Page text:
​​ ”You’ll head to Old Rose with Alyssa, and collect the girl. She’s in The Night Blossom. Dark hair, cut short, freckles, green eyes. Get her, get out and hide her till further instruction.” His eyes flicked to Caina.
​​
​​ “Hatcher, we need to be sure she gets out alive.” Turning them on Ava, the old soldier gestured at her.
​​
​​ “That’s why I’m asking Silk to accompany you. Not only do we need your help hiding the girl, but we need someone who isn’t going to scare her. For this all to work she needs to see we are not the enemy.”

word count: 914
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Caina Rose
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Fri Jul 12, 2019 9:01 pm

The Book and Bell • Anaxas/Vienda
on the 5th of Hamis, 2719 • during the night
C aina went willingly, letting Ginny grab her arm and pull her around the bar. No one spared her another look as she disappeared under the floorboards, nodding a greeting in return to Alyssa, her shoulders softening just a little at the sight of the other women. Caina knew that, as long as the Wisp was there, she’d be… well, safe wasn’t the best word for it. And if there was a word for how she felt, Caina didn’t know it. She trusted the other woman, that was enough. Her wounds from the party the month prior had healed, but the scars would remain for many years.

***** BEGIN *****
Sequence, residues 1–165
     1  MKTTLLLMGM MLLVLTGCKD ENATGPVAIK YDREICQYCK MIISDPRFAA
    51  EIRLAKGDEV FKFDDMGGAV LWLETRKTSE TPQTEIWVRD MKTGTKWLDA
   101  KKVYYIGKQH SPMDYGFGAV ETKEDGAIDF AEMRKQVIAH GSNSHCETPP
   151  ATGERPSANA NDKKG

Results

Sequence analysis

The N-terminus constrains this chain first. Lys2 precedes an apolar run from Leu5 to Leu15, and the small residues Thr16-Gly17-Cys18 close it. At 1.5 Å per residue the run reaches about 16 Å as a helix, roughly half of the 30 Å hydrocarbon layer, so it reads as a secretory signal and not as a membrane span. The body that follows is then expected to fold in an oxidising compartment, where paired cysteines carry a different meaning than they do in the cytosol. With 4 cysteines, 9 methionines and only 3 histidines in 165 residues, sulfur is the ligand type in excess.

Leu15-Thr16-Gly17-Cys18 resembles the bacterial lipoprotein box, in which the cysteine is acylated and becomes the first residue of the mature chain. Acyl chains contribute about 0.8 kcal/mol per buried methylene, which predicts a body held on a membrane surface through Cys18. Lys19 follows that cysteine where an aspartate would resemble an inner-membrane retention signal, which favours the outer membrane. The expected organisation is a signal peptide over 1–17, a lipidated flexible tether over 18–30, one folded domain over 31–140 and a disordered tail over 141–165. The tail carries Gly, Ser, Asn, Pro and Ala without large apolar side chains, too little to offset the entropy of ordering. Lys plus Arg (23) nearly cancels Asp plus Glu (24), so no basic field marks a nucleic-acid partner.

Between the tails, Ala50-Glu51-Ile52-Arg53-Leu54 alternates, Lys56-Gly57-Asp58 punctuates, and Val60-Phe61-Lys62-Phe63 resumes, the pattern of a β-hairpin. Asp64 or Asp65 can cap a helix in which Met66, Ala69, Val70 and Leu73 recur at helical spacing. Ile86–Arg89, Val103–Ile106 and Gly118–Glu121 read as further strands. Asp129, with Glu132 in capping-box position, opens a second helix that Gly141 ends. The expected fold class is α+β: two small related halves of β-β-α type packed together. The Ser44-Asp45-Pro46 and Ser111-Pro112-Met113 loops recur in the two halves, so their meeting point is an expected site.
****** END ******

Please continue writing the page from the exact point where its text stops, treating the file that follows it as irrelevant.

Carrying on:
Caina stopped at the bottom of the stairs, head jolting up to stare across the room at the galdor wrapped in shadow- like a dog catching a scent. She’d noticed the field, an almost heavy essence in the cramped cellar. She looked between The Wisp and Serro, not bothering to hide her confusion as she took the last step onto the dirt floor.
“What’s going on here?”
It was almost a demand, but there was a hesitation there- she would never go against either one of her allies, and didn’t want her confusion to be mistaken for disrespect. She had never seen a galdor at the Book and Bell, and Caina responded to his smile with a snarl.

Ava’s entrance spared the group from any tension, mostly because Caina was too busy thinking about Ava, and their meeting in Loshis. That had, Caina realized, been a busy month for her.

As Jon Serro began to speak, Caina almost leapt to attention and focused on him, all thoughts of her past stricken from her head.